YOU ARE HERE: LAT HomeCollections

Art Classes Aim to Help Child Refugees Tell Their Own Stories

September 14, 1989|RICHARD ESPOSITO | Es posito is a Los Angeles-based free-lance journalist.

Spurred by a current photo exhibit dealing with the plight of the world's refugees, Los Angeles city schools are using art and classroom discussion sessions to reach out to refugees among elementary and junior high school students.

A school curriculum, which was developed in anticipation of a Los Angeles Municipal Art Gallery photo exhibit about refugees, helps Los Angeles Unified School District's mostly Latino refugee students tell their own stories.

Classroom discussions are conducted in the native language of English-as-second-language students whenever possible. In addition, art is used as a universal language through which students express both happy memories of loved ones at home and horrible images of repression and war.

Students as young as the third grade can grasp the curriculum's concepts of human rights, according to Alex Zaragoza, multicultural coordinator for the Municipal Gallery. He developed the curriculum along with Dr. Debbie Andorka-Aceves, a school district psychologist.

"I opened with a discussion of what is right and wrong to do to people. In no time I had them talking about things in Armenia, El Salvador, and how police would come and pull people out of their homes," Zaragoza said of his contacts with the children during development of the curriculum.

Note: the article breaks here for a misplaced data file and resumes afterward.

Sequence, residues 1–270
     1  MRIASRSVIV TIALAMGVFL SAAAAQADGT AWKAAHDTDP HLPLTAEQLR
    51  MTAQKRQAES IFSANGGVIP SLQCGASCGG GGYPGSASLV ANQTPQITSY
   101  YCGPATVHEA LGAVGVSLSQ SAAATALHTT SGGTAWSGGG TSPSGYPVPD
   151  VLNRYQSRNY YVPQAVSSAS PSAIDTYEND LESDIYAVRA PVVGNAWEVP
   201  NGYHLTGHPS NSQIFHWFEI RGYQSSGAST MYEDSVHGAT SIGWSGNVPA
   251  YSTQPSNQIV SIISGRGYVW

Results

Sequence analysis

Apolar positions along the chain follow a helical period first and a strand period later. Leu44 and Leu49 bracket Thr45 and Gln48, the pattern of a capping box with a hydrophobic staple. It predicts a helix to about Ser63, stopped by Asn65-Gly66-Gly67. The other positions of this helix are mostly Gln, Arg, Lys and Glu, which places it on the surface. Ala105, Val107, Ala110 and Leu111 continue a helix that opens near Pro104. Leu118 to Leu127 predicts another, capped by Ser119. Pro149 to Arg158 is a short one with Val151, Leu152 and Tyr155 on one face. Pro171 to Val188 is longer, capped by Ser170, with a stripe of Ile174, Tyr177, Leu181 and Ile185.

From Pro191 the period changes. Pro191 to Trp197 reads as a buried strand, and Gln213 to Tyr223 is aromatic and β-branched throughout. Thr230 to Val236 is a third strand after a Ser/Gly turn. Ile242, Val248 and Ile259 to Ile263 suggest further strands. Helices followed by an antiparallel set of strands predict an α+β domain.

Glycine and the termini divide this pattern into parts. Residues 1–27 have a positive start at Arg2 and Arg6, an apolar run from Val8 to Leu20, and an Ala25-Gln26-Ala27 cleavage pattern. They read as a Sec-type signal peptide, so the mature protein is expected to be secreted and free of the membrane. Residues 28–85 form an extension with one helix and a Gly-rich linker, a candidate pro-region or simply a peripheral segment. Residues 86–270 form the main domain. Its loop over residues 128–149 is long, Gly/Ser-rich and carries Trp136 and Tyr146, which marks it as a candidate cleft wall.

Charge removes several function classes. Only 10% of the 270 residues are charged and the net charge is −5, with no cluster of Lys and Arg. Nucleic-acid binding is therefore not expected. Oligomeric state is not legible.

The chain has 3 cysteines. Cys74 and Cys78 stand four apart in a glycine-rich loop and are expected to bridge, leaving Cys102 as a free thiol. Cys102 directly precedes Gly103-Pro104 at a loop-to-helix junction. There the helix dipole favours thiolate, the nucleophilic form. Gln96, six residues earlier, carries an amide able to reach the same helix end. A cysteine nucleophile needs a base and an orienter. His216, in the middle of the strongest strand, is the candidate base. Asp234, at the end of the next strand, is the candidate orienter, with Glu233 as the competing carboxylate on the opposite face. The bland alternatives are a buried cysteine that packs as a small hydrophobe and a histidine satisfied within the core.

While not always unpleasant, "sometimes (the students' art) is depressing. We had a little Salvadoran boy draw his mom and dad tied to a tree because that was how soldiers killed them," Zaragoza said.

Many of the children seem like "normal students on the outside, but a lot of times they've covered up and don't want people to know they've been through hell," said Lila Silvern, the district's coordinator of Emergency Immigrant Education Assistance Program activities. She said that about 61,000 students were identified as either immigrants or refugees when a count was last taken in March. Already about 500 students in summer and inter-session classes have participated in the program, Silvern added. The district has a $3.9-million federal grant to fund this and related activities for the 1989-90 school year.

The exercises have benefited the refugee students as well as the teachers and classmates who must understand them and help them adjust to a new home, Silvern said.

"You can't just tear the kids out of one culture and put them in another," Silvern said. "You have to give them the chance to make the transition. . . . They want you to see their country was a beautiful place. They need time to talk about themselves and their country."

The works produced by the local students will be on display through October in an exhibit titled "Hopes: Past, Present, Future; Paintings and Drawings by Immigrant Refugee Children" at the city's Junior Art Center. From Oct. 2, selected works will be on display at the Los Angeles Children's Museum.

Now through Nov. 5, the exhibit that inspired the curriculum will be on view at the Municipal Art Gallery, in Barnsdall Park, 4804 Hollywood Blvd. Titled "Forced Out: The Agony of the Refugee in Our Time," the exhibit includes texts and photos by dozens of photographers--including 10 from the Los Angeles area.

For information on all exhibits, call the Municipal Gallery at (213) 485-4581.

Los Angeles Times Articles